World class Ntuzuma Court enhances justice services
The prayers of people of Inanda, Ntuzuma and Kwamashu (INK) and the surrounding areas of having an up-to-standard court were finally answered when Justice and Constitutional Development Minister Jeff Radebe officially declared the newly built Ntuzuma Magistrate’s Court opened.
As part of increasing and improving access to justice services, efforts of building new courts specifically in the townships and rural areas help the majority of people who were previously disadvantaged. “People will no longer go far to access the services which we provide at their own disposal,” remarked the minister, while delivering a keynote address at the official opening of the state-of-the-art Ntuzuma Magistrate’s Court in KwaZulu-Natal recently.
Designed with the image of a tree which depicts the bygone era of rural community courts, the R200 million worth Ntuzuma Magistrate’s Court boasts six (6) floors comprising of courtrooms and offices. Approximately 1.5 million people will benefit from the services at the court.
Court users, unlike before, will no longer travel long distances to the Verulam Magistrate’s Court to access justice services as regional court matters are also heard at the Ntuzuma Magistrate’s Court.
Excited community member, Mr Bernard Moteoli from Ward 7, KwaMashu said the opening of the new court has been long overdue. “We have been waiting in anticipation for the opening of this court as we experienced challenges at the old court and I am so delighted that our prayers have finally been answered. The services will improve a lot, cases will be finalised timely and without delays,” commented Mr Moteoli.
Another resident, Ms Nomvuyo Silange, of Ward 47, KwaMashu said: “I really appreciate the good job done by the Department of Justice and Constitutional Development for us as residents, this will go a long way in making sure that services are improved and we are so grateful for that.” She also appealed to officials working at the court to work hard to deliver justice services to the communities they serve.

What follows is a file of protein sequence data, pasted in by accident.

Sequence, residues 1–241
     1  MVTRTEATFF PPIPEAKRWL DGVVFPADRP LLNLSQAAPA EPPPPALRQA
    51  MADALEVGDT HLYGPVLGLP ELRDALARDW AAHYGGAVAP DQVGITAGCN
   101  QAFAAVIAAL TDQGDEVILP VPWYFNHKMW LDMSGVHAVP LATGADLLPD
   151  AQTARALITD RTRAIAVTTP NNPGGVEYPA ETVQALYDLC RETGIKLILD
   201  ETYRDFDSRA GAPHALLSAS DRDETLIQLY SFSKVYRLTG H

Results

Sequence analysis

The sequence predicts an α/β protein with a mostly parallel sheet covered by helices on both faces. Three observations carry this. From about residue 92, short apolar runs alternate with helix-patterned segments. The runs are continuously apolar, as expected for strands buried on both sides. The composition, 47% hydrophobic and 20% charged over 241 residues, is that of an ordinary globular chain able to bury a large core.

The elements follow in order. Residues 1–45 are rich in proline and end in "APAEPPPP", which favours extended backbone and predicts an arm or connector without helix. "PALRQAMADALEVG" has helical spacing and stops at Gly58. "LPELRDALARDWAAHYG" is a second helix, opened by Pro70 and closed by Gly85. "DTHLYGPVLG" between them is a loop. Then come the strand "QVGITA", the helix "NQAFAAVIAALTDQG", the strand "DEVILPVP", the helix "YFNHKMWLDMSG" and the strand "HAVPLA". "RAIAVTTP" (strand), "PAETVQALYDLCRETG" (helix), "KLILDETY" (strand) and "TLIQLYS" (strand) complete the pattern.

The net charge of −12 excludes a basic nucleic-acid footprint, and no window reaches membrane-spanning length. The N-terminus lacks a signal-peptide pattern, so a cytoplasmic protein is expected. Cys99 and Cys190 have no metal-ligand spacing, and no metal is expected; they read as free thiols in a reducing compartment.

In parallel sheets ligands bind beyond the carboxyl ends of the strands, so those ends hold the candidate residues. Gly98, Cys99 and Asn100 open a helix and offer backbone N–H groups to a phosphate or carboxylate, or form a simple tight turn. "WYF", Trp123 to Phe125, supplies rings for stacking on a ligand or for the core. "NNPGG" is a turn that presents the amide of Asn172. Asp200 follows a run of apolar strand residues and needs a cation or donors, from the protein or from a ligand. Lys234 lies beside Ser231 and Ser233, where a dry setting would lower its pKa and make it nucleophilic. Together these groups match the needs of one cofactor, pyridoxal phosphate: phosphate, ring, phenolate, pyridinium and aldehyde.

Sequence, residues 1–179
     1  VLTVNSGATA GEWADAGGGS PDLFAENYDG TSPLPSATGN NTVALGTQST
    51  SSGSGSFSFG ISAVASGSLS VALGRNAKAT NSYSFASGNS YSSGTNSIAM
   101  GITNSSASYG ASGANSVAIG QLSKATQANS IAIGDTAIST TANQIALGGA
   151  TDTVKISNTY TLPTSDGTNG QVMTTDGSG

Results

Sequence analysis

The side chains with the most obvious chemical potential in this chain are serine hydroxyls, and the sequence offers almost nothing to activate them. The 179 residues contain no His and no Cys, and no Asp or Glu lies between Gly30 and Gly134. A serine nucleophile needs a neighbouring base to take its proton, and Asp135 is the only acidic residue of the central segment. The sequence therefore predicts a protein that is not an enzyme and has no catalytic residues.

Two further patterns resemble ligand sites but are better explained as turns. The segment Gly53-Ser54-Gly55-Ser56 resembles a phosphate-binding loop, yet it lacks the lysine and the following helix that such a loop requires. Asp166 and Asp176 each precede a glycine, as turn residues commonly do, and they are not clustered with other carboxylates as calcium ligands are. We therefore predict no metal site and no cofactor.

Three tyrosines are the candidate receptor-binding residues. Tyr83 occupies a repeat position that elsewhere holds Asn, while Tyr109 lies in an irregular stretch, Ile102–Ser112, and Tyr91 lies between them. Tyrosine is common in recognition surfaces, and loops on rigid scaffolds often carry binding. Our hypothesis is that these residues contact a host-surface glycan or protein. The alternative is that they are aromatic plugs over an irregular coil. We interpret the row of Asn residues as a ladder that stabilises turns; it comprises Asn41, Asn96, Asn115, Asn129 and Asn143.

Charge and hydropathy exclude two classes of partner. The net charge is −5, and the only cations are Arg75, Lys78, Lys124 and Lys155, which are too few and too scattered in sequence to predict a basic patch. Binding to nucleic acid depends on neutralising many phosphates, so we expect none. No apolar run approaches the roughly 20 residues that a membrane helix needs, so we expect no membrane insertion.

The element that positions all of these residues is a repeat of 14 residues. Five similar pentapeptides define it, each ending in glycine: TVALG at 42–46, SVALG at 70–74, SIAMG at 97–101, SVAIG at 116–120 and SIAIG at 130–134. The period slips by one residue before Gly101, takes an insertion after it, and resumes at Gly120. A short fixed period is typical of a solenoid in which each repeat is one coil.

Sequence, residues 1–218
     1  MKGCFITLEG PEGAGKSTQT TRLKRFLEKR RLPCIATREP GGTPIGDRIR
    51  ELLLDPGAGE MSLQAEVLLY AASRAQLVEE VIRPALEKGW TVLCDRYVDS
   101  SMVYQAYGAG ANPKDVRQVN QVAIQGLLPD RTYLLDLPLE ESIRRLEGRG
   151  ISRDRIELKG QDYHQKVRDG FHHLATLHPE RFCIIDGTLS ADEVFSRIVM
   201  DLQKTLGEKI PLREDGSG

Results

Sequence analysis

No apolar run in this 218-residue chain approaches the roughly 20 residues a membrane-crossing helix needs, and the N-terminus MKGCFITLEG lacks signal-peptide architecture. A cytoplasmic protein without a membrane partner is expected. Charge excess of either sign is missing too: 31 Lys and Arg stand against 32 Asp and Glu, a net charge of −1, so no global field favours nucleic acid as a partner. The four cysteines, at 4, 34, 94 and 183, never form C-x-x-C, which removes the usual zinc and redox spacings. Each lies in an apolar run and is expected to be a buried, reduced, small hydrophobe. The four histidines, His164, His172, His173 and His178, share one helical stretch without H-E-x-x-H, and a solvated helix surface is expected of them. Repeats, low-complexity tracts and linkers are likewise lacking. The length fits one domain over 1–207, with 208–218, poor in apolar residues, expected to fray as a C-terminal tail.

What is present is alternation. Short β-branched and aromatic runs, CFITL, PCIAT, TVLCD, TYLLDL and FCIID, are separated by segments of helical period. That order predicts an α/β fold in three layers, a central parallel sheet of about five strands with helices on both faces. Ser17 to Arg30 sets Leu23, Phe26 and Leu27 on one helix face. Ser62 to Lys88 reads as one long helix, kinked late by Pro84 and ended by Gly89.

During the event, Minister Radebe officially received a key which symbolises an official handover of the building from the Department of Public Works Minister Thulas Nxesi. “This is a job well done, this project commenced in 2010 and we are proud that it has been completed within a set timeframe,” said Minister Nxesi.
Ntuzuma Court has been a branch court of the Verulam Magistrate’s Court since the 1970’s and only dealt with criminal matters. Family court matters were also introduced later.
The services, in respect of the civil and small claims court matters, were only made available at the old Ntuzuma Magistrate’s Court from October 2011, after Minister Radebe proclaimed Ntuzuma as a self-standing court.
The court faced challenges of insufficient court rooms and communities had to travel long distances to access justice services. Due to the appalling conditions at the old court premises, the department had to intervene to improve the situation.
Ms Jane Naidoo, a Senior Administration Officer at the court shared some of the experiences the officials endured while working at the old court building. “We only had one telephone line that we all shared. One needed to walk and make a booking to use the phone and our main resource in the maintenance office is a telephone. We needed to communicate with sheriffs and the police regularly and that was impossible”, said Ms Naidoo. The court also had no access to drinking water for the public and no waiting rooms, as a result, on rainy days it became disastrous, according to Ms Naidoo.
The new court comprises of four regional courts; including two sexual offences courts; six district criminal courts; two civil courts; four family courts; an equality court; a domestic violence court; a juvenile offenders court; 24 offices for the prosecutors and 21 offices for magistrates.
Lack of space and resources is a thing of the past as all courts have appropriate waiting rooms for the public and witnesses; consulting rooms for legal representatives, assessor’s offices; intermediaries’ offices; offices for maintenance and court clerks as well as stenographer’s offices.
Other facilities include investigator’s office; criminal court preparation office; typist; messenger and printing offices; store rooms; sick rooms; and the public and staff toilet facilities; court orderlies’ offices and kitchens which most of these resources were not available at the old Ntuzuma Magistrate’s Court.
After the event, the minister attended a public participation programme where he acknowledged some of the community concerns regarding the high rate of crime in the area including the abuse of women and children and he pledged that the new court will address those issues.
“The notorious criminals and all perpetrators who use drugs and commit serious crimes will have nowhere to hide. Officials in this court will ensure that justice is served,” he cautioned.He appealed to the community members to utilise the court and work together with the police to track down criminals.
By Mokgethwa Ngoepe
28 May 2013